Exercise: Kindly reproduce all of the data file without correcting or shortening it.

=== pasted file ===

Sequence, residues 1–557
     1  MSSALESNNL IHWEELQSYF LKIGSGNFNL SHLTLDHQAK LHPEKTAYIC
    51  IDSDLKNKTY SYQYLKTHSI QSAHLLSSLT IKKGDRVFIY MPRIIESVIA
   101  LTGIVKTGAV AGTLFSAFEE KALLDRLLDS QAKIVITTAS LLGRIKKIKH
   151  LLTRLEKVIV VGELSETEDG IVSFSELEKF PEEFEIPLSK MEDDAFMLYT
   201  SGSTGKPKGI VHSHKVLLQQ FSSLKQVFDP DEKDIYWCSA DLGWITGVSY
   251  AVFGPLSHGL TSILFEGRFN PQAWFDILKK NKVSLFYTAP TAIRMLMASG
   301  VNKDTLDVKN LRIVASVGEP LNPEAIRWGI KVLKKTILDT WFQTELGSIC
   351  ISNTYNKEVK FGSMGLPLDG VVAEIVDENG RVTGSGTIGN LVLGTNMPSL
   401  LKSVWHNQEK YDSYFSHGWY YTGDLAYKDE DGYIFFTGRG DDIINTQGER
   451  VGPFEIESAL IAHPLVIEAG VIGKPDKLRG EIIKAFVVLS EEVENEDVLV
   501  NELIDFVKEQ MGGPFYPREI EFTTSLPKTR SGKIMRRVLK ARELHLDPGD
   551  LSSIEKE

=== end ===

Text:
Sequence, residues 1–557
     1  MSSALESNNL IHWEELQSYF LKIGSGNFNL SHLTLDHQAK LHPEKTAYIC
    51  IDSDLKNKTY SYQYLKTHSI QSAHLLSSLT IKKGDRVFIY MPRIIESVIA
   101  LTGIVKTGAV AGTLFSAFEE KALLDRLLDS QAKIVITTAS LLGRIKKIKH
   151  LLTRLEKVIV VGELSETEDG IVSFSELEKF PEEFEIPLSK MEDDAFMLYT
   201  SGSTGKPKGI VHSHKVLLQQ FSSLKQVFDP DEKDIYWCSA DLGWITGVSY
   251  AVFGPLSHGL TSILFEGRFN PQAWFDILKK NKVSLFYTAP TAIRMLMASG
   301  VNKDTLDVKN LRIVASVGEP LNPEAIRWGI KVLKKTILDT WFQTELGSIC
   351  ISNTYNKEVK FGSMGLPLDG VVAEIVDENG RVTGSGTIGN LVLGTNMPSL
   401  LKSVWHNQEK YDSYFSHGWY YTGDLAYKDE DGYIFFTGRG DDIINTQGER
   451  VGPFEIESAL IAHPLVIEAG VIGKPDKLRG EIIKAFVVLS EEVENEDVLV
   501  NELIDFVKEQ MGGPFYPREI EFTTSLPKTR SGKIMRRVLK ARELHLDPGD
   551  LSSIEKE